Seriously that Aging G92 card is a Tough thing. I still can play Bf3 with it @ low detail, Dragon Age origin,Assasins Creed 1/2/Brotherhood all Maxed out @ 1680x1050 When this card actually start slowing down.
Nice to see that 2 of my past cards made the list.
Had a Sapphire X1950 Pro 256MB for a while, nice card (even though I had to use ATI tool to control the fan settings to keep it cool, lol).
The I had a Visiontek HD4850 512MB (it was the single slot reference card, bought it first week out.. great card.. again a bit hot though.. but that time you could at least control fan settings in the ATI settings).
Currently on a Gigabyte HD6950 2GB (reference, another great card! Again bought it first couple of weeks after release).
We won't speak of the card I had before the X1950 Pro... what a PoS that thing was.... well, ok... I guess I can spaek of it... cruddy Nvidia XFX FX5600 128MB... blah, lol
My first introduction to pc gaming was my uncle's Tandy 1000. I don't know what was in that thing but I loved Chuck Yeager's flight sim and Star Control. My cousin had a C64 and I remember being wow'd by Spy Hunter. Again, no clue what was in there.
My first purchase was a PC with the Riva 128. I upgraded that system with the Riva TNT and threw in a voodoo 2 card as well. I can't remember which I bought first, or why I bought both. /shrug
Then I bought the Geforce 256 and had to hide it in the car until late at night so the wife wouldn't notice. I think from there I went to a Geforce 3 paired with the PIII 1GZ-based system. Then from 2005-2008 I gamed exclusively on a laptop sporting the mobility radeon x600. I was very pleased with its performance on the 1280x800 screen paired with the mobile amd 64 4000+. After that, it was time for a new desktop, and enter the D820 with a 7900 GT. Later, well after the 9800s were out, I added a second 7900 GT, and upgraded to the Q6600. Then I threw in the gtx 260 when it was priced around $200 w/ the 216 cores. Then I put in a 570... and so on...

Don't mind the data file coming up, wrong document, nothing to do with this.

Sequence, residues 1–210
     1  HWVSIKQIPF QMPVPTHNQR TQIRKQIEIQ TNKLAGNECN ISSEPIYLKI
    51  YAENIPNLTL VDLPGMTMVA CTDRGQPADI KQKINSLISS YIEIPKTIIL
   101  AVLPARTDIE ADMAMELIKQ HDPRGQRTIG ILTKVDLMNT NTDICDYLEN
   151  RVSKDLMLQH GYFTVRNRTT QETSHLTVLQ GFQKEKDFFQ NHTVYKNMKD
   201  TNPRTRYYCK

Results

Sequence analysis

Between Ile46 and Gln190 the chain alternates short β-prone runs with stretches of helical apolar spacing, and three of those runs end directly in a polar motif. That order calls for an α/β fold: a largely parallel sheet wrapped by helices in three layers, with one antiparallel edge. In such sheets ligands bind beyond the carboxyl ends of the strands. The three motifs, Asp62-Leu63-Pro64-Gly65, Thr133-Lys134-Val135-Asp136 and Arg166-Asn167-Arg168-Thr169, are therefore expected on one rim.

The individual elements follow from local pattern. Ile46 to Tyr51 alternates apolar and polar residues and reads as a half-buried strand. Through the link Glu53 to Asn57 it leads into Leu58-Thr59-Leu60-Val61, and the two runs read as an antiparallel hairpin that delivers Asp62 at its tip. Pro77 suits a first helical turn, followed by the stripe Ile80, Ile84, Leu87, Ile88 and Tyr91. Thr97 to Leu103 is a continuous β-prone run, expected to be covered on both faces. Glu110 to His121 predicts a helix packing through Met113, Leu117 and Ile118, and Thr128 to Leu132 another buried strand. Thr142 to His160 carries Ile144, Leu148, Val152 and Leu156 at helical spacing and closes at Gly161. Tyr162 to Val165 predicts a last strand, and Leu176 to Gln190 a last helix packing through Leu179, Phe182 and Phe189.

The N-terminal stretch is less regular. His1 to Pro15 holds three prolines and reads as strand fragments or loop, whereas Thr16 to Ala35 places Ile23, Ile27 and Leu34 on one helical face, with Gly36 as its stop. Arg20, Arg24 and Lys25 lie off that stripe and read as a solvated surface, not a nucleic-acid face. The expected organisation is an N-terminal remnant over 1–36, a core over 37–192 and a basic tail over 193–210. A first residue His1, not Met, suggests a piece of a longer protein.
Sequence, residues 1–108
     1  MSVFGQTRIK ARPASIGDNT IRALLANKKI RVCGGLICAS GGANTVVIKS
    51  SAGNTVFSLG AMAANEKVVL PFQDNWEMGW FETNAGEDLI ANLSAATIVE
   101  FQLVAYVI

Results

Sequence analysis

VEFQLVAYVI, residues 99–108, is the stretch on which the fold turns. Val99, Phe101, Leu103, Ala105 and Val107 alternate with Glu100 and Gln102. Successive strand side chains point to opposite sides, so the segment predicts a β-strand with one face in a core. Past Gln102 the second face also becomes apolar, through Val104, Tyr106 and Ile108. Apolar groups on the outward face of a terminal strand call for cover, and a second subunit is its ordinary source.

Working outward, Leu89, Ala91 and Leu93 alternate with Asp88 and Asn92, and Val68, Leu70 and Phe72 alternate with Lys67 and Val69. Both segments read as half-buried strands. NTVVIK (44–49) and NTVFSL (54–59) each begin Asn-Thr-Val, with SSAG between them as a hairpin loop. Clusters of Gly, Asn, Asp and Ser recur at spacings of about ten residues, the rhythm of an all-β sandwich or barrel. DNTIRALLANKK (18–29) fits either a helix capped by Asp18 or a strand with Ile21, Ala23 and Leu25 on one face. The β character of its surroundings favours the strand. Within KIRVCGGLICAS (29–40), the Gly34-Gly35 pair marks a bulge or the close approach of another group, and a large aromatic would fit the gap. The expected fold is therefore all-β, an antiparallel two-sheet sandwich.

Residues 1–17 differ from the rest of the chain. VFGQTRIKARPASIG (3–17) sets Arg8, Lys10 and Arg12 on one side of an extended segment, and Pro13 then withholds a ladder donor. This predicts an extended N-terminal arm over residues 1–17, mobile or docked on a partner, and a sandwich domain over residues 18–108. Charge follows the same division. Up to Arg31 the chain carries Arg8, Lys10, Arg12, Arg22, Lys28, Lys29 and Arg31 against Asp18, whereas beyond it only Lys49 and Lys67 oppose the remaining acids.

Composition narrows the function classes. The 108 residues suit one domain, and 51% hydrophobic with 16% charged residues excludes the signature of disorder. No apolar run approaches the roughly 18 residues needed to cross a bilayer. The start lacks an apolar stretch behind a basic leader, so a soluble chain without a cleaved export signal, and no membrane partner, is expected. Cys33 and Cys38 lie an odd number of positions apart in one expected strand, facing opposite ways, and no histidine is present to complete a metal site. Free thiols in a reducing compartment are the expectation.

I very much appreciated this article... memory lane...
[citation][nom]Achoo22[/nom]STFU... I was there, dude. I've been immersed in the culture for 30 years. I'm not making this crap up to bolster my ego, like you are....but you're not worth the effort... This freaking list doesn't even have any 2d boards. It's a filler article, and we are not amused.[/citation]
When someone takes the time out of their day to provide you with a free education, you should be more polite, and thankful. He was tactful, professional, and courteous in how he addressed your comments, so your attitude and claims contradict one another. Jus' saying. I'm an idiot and reserve the right to be one.
I've had three cards off the list, 7600 GT (still deployed in my wifes computers, she's been doing dragon age of late, it's getting the job done for her resolution.) I'm running two SLI 9800gtx+ they have done a adequit job on Skyrim bundled in my system. I think my system specs are in my profile.
With the GeForce 2 MX, I'm going to presume you mean the original before NVIDIA introduced the 100 (worse), 200 (about equal) and 400 (better) variants. A friend owned one and it worked quite well, however when I got my Kyro II, it belted it all over the place and sometimes beat the GTS. It's a shame that we never got a successor with TnL outside of the arcades until the advent of the mobile GPUs we've come to love.
If two cards are missing from the list, they'd be the ATi Radeon 9800 Pro 128MB (256-bit) and the HD 4830. I got the former (Sapphire) for £130 in mid-2004 which was less than $200, and it kept me going for four years. The 4830 (XFX) was a mere £90 in early 2009 and serves me well today.
Before I forget, there's a bit of AMD/ATi confusion going on throughout the article; just thought I'd add that. I suppose it doesn't really throw the reader, though.